We must avoid creating new cybersecurity risks or disrupting the underlying architecture of the Internet. Proposed laws must not tamper with the technical architecture of the Internet through manipulation of the Domain Name System (DNS), a foundation of Internet security. Our analysis of the DNS filtering provisions in some proposed legislation suggests that they pose a real risk to cybersecurity and yet leave contraband goods and services accessible online. We must avoid legislation that drives users to dangerous, unreliable DNS servers and puts next-generation security policies, such as the deployment of DNSSEC, at risk.

Let us be clear--online piracy is a real problem that harms the American economy, and threatens jobs for significant numbers of middle class workers and hurts some of our nation's most creative and innovative companies and entrepreneurs. It harms everyone from struggling artists to production crews, and from startup social media companies to large movie studios. While we are strongly committed to the vigorous enforcement of intellectual property rights, existing tools are not strong enough to root out the worst online pirates beyond our borders. That is why the Administration calls on all sides to work together to pass sound legislation this year that provides prosecutors and rights holders new legal tools to combat online piracy originating beyond U.S. borders while staying true to the principles outlined above in this response. We should never let criminals hide behind a hollow embrace of legitimate American values.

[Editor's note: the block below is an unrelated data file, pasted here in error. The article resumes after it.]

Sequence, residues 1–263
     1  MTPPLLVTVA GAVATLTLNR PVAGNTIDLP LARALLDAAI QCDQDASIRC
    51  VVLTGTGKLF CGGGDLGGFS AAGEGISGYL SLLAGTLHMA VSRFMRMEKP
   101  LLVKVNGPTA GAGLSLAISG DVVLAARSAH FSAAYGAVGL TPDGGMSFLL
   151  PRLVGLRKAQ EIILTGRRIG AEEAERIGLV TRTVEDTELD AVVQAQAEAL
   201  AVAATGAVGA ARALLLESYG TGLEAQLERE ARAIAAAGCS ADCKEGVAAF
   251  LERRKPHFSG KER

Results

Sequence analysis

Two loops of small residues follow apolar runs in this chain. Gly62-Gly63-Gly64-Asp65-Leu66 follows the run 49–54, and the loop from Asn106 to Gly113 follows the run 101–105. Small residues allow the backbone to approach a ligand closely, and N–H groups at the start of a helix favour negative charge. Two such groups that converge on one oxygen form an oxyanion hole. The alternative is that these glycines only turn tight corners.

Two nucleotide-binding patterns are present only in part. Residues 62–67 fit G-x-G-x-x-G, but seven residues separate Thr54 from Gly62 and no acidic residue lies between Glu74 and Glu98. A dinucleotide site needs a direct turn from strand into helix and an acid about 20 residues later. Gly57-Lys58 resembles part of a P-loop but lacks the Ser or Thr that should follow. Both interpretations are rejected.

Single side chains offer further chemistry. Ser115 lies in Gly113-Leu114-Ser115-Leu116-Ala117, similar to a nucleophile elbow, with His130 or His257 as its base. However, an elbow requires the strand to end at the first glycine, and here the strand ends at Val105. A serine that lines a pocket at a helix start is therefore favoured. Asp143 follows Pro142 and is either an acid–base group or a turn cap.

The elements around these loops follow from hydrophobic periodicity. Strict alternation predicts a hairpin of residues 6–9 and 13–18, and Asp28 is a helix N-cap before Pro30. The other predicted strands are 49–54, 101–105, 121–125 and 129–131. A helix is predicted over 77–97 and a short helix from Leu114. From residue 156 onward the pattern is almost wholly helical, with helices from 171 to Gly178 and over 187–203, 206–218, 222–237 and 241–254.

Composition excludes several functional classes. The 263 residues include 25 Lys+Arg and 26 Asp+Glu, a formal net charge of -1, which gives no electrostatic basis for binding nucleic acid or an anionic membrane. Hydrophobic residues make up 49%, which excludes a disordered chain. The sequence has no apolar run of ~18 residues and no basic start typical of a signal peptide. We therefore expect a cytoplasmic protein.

This is not just a matter for legislation. We expect and encourage all private parties, including both content creators and Internet platform providers working together, to adopt voluntary measures and best practices to reduce online piracy.